Musical Review – Billy Elliot

Jun 5 2010 | By More

✭✭✭✭✩    Exuberant

Festival Theatre: Fri 4-Sat 5 June 2010
Review by Thom Dibdin

Bright, exuberant and boasting a cast that mixes the singers from the Edinburgh Gang Show with the dancers of the Manor School of Ballet, the second Billy Youth Theatre version of Billy Elliot to hit Edinburgh is a thoroughly entertaining production.

This is a show which plays straight to its participants’ strengths. Having made a big name for himself by giving the Gang Show’s variety-style format a 21st century outlook, director Andy Johnston now brings those abilities to a full-blown musical on the vast expanses of the Festival Theatre stage.

Matt Hall as Billy Elliot, Louise Hunter as Mrs Wilkinson and ensemble. Photo credit: company publicity

It sets off with great deliberation and a big, strong telling of scene-setting number The Stars Look Down, which speaks of the unity in the miners in the face of adversity – now standing together against Thatcher in the great miners’ strike of 1984.

The whole company is in fine, clear voice. First hearing of Matt Hall as Billy Elliot with Ian Sutherland as his best pal Michael confirms that singing has been Johnston’s priority in casting the lead roles, while the direction and choreography of the ensemble set the story up perfectly.

Indeed, this makes great use of the Festival Theatre throughout. Whether the scene is in the Elliot family’s County Durham miner’s cottage, one involving the massed girls of the ballet class that Billy inadvertently joins after being late for boxing class one Saturday, or the dream sequence – complete with flying – in which Billy dances with his older self, the stage never looks either empty or overcrowded.

And those big ballet numbers are great spectacles, too. Choreographers Claire Smith and Jacqueline Casey have obviously had a ball dreaming up the scenes which show the youngsters rehearsing under the draconian control of Louise Hunter as dance teacher Mrs Wilkinson.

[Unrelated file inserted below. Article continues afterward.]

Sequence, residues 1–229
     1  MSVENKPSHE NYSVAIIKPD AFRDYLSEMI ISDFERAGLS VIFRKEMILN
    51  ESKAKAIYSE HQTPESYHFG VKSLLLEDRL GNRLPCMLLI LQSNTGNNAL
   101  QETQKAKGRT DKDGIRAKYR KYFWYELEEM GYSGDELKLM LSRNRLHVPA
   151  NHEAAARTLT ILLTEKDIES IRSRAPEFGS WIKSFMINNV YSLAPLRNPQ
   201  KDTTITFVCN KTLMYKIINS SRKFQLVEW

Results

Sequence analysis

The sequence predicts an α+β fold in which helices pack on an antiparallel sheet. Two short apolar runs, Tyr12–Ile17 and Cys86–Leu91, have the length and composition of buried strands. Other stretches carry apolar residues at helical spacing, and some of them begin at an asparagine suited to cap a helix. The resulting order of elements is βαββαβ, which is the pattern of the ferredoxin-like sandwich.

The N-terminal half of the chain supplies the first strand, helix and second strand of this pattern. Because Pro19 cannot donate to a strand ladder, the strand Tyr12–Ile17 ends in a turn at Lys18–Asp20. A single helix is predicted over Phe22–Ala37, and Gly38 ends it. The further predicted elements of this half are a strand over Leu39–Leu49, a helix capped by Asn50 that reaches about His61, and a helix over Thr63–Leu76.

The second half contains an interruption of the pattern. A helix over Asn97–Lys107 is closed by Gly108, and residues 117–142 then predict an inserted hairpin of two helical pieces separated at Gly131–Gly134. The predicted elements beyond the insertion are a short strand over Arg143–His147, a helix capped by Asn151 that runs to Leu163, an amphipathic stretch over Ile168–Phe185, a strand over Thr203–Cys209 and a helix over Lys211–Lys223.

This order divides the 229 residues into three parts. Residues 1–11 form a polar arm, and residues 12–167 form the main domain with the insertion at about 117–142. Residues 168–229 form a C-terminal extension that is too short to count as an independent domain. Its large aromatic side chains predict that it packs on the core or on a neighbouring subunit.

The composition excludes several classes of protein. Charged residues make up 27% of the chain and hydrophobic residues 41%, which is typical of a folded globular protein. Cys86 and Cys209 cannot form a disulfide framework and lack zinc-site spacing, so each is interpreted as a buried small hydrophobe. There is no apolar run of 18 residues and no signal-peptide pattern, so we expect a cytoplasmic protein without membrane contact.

The razzle certainly dazzles

The dancers are capable of both scooshing off into big fantasy numbers which paint patterns on the stage with their sheer scale, and depicting a raggedy bunch of girls in a dancing class when they really have much better things to do with their time. Framing it all, Johnston’s staging ensures that all that razzle certainly dazzles.

If he can do big manipulations of large numbers of chorus members, Johnston is also great on the individual scenes. Of course his casting choices help. Timmy Drew has big emotional voice, perfect for the second half Deep Into The Ground, where he laments both the miner’s lot and the loss of his wife. Lucy Cairns also carries a beautifully nuanced voice, as the dead mum in her brief appearances to Billy in The Letter.

It is Ian Sutherland who really excels in the show-stealing role of Michael. He’s got a great voice, he’s fearless and completely natural on stage, and has a fluid sense of rhythm. The big cross-dressing scene of Expressing Yourself might be a gift, but it is one which Sutherland makes full use of.

Thrilling stuff although, ironically as this such a crowd-pleaser, the first bit of audience reaction on opening night was a catcall and a boo. Not that it was an unreasonable response, nor an unwanted one given that the opening piece of scene-setting soundtrack featured Thatcher’s vicious verbal attacks on the miners. It counts more as a big cheer for the heroes of the show than anything negative.

From then on in, it is applause and whoops of delight all the way – give-or-take the odd cry of mocking derision when Thatcher reappears as a grotesque pantomime villain with a diminutive Heseltine sidekick.

smothers the lyrics

If the cheers are well-earned and the entertainment value high, this still has quite a long way to go to achieve the potential of both contributing companies.

Part of the difficulty is purely technical – if Johnston has conquered the space of the stage, his colleague in the pit, Musical Director John Duncan, has not mastered the acoustics of the hall. The balance is way too far in favour of the orchestra over the singers. It might not affect the thrill of the piece, but it smothers the lyrics and hinders the production as a piece of storytelling.

Smith and Casey’s choreography misses a bit of a trick too. What is there is great, make no mistake, but the show is a real opportunity to allow the dance to help carry the story of the conflict between the miners and the police, with the children caught between. These scenes of conflict don’t carry the weight they might.

Then there is the issue of casting a non-dancer as Billy Elliot himself. What Matt Hall does, he does excellently, with his singing voice strong enough to carry the tricky number Electricity. Yet he never gives the sense of Billy’s progression as a dancer. When Mrs Wilkinson says Billy is ready for his big audition at Royal Ballet School you wouldn’t dare disbelieve Louise Hunter – but it is certainly a surprise as there has been nothing to show that he has reached such heights.

Both the Edinburgh Gang Show and the Manor School of Ballet are renowned local youth organisations, whose stage skills are demonstrated year on year. This is a production which allows them to shine and do what they do, best. And that is to entertain.

Run ends Saturday 5 June.

The review of the LYAMC production of Billy Elliot at the Church Hill Theatre in April, is here.

Festival Theatre website


Tags: , , , , , , , , , , , , , ,

Comments are closed.